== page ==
This week’s news has contained a lot of info about the so-called Heartbleed Bug. Here’s a quick snapshot of what you need to know as an organization and what your users should know.
First, Heartbleed is tied to what’s called ‘OpenSSL’ security implementation on computer systems – primarily Linux systems. Windows systems appear largely unaffected. SSL provides communications security and privacy over the Internet for applications such as web, email, instant messaging, and some virtual private networks.
The implications are pretty serious. In testing by Codenomicon, access was achieved to systems from the outside without leaving a trace and testers were able to gain access to user names and passwords, messages, emails, and business critical documents.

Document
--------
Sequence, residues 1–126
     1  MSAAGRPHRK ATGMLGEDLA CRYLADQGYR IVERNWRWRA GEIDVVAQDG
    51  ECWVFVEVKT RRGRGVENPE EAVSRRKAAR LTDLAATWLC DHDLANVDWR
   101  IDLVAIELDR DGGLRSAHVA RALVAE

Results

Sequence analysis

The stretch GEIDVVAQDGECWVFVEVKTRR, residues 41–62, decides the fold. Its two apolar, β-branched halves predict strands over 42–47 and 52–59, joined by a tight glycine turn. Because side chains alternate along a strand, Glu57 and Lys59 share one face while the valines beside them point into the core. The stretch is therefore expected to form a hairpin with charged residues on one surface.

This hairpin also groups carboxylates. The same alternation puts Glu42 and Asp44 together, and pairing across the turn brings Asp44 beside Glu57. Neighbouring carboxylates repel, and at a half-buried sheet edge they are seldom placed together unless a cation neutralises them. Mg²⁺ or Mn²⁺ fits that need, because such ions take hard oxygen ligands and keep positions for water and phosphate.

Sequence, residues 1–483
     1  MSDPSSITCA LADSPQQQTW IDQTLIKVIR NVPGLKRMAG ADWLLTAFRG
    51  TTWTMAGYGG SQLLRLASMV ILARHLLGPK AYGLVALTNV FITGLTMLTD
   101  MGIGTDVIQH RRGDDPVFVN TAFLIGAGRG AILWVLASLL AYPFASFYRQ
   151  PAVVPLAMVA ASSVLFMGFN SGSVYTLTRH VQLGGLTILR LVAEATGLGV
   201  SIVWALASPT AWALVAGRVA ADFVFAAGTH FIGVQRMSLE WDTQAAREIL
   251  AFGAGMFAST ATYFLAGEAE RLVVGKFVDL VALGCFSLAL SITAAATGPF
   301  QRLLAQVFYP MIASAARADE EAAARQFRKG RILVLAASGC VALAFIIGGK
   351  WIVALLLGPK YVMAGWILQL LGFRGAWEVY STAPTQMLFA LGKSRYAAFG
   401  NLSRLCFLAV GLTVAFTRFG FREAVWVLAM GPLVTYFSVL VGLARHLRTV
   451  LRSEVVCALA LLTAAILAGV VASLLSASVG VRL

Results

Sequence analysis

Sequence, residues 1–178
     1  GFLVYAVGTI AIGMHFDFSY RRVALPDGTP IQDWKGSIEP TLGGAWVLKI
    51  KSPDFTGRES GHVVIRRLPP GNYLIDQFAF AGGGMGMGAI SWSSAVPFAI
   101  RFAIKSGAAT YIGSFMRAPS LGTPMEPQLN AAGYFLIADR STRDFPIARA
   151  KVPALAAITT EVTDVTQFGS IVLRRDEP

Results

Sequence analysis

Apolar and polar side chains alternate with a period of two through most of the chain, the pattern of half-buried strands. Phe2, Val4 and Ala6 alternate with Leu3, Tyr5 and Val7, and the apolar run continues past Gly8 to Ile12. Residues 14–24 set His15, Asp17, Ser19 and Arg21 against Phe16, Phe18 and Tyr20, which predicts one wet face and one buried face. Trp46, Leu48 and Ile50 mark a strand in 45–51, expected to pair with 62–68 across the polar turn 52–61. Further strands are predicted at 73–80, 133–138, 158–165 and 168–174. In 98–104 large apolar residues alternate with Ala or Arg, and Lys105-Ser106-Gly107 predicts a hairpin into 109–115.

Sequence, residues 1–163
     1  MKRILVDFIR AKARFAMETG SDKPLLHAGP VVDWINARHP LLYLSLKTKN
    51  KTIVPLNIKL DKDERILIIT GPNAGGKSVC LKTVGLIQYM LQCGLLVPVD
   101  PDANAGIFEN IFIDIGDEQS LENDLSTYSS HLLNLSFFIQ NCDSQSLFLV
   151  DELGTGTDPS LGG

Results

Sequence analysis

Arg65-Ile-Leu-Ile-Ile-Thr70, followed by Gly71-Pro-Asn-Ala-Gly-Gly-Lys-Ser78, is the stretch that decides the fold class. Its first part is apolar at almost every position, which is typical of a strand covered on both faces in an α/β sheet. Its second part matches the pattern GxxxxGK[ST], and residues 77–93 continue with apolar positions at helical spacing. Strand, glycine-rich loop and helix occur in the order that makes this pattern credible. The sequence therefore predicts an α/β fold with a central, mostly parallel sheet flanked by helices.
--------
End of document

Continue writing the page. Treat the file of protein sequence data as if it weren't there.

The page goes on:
Netcraft has reported that many sites are already deploying new certificates in response to this issue including, Yahoo, Adobe, CloudFlare, DuckDuckGo, GitHub, Reddit , Launchpad, PayPal, Netflix and Amazon’s CloudFront content delivery network.
If your organization has Linux systems you should immediately test them using publicly available tools and if you have a problem, deploy a new, fixed OpenSSL solution ASAP.
What do you do as a user? If you can connect to a site or appliance using HTTPS, and it’s not running on Microsoft Windows, consider it vulnerable until proven otherwise. Look for confirmation from the site that it has tested for the vulnerability and it has either corrected it or verified it isn’t affected. And of course, this would be a good time to change your passwords for any SSL secured sites – just as a precaution.